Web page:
The federal government can unlock poverty for over 2 million Australians with the stroke of a pen if it raises JobSeeker and related payments in the forthcoming May budget.
Community organisations, including Anti-Poverty Week, today stood with independent senator for the ACT David Pocock to call for an increase in these core payments. Women comprise more than 60 per cent of the 1.4 million adults relying on the lowest payments: JobSeeker, student and parenting payments. They are also caring for over 830,000 children.
Growing up in poverty diminishes children's lives at the time and well into their future. All would benefit from the increase recommended by the independent economic inclusion advisory committee Senator Pocock negotiated to establish late in 2022.
When any of us face sudden catastrophic events - like losing our homes or livelihoods through floods, fires or a pandemic; or when family violence shatters our lives, we rely on social security payments that are tied to the base rate of JobSeeker. It's the critical underpinning of our safety net.
Yet the committee found that JobSeeker and related payments lock people in poverty and create a barrier to paid work for people looking for a job. An increase in JobSeeker will enable more people to take up job opportunities. That is why employers continue to advocate for an increase in JobSeeker, both as members of the economic inclusion advisory committee and at the jobs summit.
Employers realise that people need enough money to feed themselves, buy vital medications and put petrol in their car to get to a job interview and be productive workers.
In 2023, JobSeeker is not just helping people who are unemployed. For many it's a waiting room for the age pension - half of those receiving JobSeeker are aged over 45 years, 28 per cent are aged over 55 years.
This includes older women who may have left violent relationships some time ago. They now find themselves on the verge of retirement at the mercy of the escalating rental crisis and living on payments that force them to go without key medicines, healthy food and to sacrifice heating or cooling their homes.
JobSeeker also serves as hospital waiting room - 43 per cent of recipients have partial capacity to work, mainly because it's now virtually impossible to get disability pension without legal representation. More than 7,000 people on JobSeeker are being treated for cancer as sickness benefit was folded into JobSeeker in 2020.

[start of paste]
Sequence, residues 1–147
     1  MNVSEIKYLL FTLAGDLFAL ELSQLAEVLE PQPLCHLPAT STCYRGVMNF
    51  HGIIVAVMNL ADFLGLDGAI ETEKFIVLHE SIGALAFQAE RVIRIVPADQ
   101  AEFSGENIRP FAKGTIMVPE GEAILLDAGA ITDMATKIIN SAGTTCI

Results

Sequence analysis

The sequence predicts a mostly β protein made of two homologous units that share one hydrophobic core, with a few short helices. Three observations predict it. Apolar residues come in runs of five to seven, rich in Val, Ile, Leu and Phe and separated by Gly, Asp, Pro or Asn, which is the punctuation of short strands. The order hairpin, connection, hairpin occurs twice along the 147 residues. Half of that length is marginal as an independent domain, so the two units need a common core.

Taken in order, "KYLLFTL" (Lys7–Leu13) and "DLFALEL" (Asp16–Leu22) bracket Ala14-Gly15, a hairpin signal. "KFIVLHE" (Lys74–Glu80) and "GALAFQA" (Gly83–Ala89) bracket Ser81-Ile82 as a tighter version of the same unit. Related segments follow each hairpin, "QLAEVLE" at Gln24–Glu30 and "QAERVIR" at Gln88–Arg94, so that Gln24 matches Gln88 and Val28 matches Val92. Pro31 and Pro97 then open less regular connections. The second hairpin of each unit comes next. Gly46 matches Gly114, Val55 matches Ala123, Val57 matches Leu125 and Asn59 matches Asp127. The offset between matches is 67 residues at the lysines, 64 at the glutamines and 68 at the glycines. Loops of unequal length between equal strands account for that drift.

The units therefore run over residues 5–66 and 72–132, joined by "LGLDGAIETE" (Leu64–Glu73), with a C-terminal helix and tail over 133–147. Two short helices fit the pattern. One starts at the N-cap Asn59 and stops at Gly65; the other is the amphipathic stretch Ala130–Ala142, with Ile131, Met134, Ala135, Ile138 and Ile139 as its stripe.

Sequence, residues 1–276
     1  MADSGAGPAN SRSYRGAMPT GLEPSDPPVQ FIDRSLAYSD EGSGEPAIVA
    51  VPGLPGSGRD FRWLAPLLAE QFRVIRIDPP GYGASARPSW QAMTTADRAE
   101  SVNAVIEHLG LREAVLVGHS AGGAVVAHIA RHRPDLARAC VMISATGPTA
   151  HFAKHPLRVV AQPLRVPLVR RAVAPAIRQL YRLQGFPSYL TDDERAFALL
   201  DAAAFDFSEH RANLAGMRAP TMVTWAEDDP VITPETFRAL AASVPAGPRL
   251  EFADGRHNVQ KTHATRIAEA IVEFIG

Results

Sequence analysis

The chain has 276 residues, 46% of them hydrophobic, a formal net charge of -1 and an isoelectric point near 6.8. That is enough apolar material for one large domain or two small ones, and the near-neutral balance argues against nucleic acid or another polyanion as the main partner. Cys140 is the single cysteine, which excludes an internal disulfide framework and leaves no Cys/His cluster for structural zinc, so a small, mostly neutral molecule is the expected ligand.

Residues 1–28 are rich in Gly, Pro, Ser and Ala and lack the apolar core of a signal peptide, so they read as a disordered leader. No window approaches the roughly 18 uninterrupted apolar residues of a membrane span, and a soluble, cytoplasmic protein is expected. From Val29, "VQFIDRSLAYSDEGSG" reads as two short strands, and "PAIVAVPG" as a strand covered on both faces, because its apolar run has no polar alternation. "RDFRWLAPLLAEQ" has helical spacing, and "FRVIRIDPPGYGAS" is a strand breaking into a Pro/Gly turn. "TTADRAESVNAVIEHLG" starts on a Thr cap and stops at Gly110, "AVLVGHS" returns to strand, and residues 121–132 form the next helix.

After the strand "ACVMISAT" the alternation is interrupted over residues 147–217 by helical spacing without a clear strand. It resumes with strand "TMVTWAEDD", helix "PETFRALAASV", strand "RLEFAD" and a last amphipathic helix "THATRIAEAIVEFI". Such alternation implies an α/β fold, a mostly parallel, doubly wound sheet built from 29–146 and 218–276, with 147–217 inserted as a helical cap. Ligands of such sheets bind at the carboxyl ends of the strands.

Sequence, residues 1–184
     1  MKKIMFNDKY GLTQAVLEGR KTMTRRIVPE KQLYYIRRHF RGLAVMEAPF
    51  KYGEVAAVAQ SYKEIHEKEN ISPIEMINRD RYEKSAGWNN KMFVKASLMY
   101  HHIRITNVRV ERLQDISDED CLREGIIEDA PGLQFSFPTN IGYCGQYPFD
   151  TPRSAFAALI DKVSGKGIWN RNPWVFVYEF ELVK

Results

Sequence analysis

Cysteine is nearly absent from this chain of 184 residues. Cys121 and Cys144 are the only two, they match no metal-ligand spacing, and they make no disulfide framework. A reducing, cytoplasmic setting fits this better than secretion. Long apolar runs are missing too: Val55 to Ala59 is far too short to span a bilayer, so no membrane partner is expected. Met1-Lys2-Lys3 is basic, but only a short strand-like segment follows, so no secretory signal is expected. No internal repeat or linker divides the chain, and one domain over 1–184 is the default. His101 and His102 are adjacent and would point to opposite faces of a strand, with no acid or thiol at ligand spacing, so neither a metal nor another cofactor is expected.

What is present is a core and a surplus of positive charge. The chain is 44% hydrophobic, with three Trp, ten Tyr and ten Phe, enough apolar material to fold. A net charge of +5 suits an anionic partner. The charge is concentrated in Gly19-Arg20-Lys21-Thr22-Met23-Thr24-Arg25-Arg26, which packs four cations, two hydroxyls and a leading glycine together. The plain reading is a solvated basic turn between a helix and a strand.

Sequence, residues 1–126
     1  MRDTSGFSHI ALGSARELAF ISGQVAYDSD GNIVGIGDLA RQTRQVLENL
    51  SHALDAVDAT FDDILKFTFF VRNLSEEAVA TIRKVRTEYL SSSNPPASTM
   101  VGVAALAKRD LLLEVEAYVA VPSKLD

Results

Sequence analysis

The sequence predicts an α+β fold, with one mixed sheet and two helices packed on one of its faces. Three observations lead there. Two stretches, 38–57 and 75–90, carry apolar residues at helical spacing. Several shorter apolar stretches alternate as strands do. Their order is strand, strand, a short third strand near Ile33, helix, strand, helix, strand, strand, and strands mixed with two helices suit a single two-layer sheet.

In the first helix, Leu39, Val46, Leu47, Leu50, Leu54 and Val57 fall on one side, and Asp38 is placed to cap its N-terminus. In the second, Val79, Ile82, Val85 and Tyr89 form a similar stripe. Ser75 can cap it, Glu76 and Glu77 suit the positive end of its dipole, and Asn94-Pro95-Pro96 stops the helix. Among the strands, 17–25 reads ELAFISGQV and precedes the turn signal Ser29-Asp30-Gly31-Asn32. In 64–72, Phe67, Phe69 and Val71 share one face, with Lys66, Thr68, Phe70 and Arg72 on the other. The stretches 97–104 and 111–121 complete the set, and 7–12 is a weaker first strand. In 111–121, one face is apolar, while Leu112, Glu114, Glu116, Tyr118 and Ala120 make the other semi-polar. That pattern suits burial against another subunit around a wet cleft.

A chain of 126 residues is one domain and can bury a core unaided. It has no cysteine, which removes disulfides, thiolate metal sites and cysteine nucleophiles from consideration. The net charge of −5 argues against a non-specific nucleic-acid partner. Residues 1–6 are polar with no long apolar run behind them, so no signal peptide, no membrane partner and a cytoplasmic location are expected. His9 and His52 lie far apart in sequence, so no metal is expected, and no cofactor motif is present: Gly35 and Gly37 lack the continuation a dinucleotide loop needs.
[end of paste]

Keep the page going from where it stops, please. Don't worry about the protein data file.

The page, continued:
About 10 per cent of people on JobSeeker are single parents with children aged eight to 15 who should be receiving Parenting Payment Single. The federal government's women's economic equality taskforce recommended restoring their eligibility for parenting payment until their youngest child turns 16 as the first of their six recommendations.
We've got plenty of evidence from the when the coronavirus supplement was paid during the pandemic that the extra money will be used for food, rent and energy bills - the basics.
The ABS Household Survey conducted in September 2020 showed over 70 per cent used the supplement to pay household bills. A survey of recipients conducted by the National Council of Single Mothers and Their Children as part of their 550 Reasons to Smile campaign found the supplement provided hope, health and improved mental health.
Nearly nine in 10 mothers said it reduced stress and anxiety as they could pay their household bills; seven in 10 said their family was healthier due to having enough food to eat and healthier options and nearly two in 3 said they were sleeping better, not waking up due to money stress.
Australia is facing an unprecedented rental housing crisis - with historic low vacancy rates, skyrocketing rents and increased homelessness. Rent assistance hasn't had a real increase beyond inflation since the GST was introduced in 2000 and then it was only provided as compensation for the impacts of the new tax.
Today there are more than 1.3 million households receiving Commonwealth rent assistance and one-third of these, mainly single parents, have children in their care. The assistance for rent they receive covers only about a quarter of what they pay.
As Australians, we believe in a fair go. We look out for one another and support each other. It's who we are as a nation. As one of the wealthiest countries in the world, we can afford to act to ensure poverty is not inevitable. The budget is a test for this government. Will it stand up for fairness and those doing it toughest, or will it turn its back?
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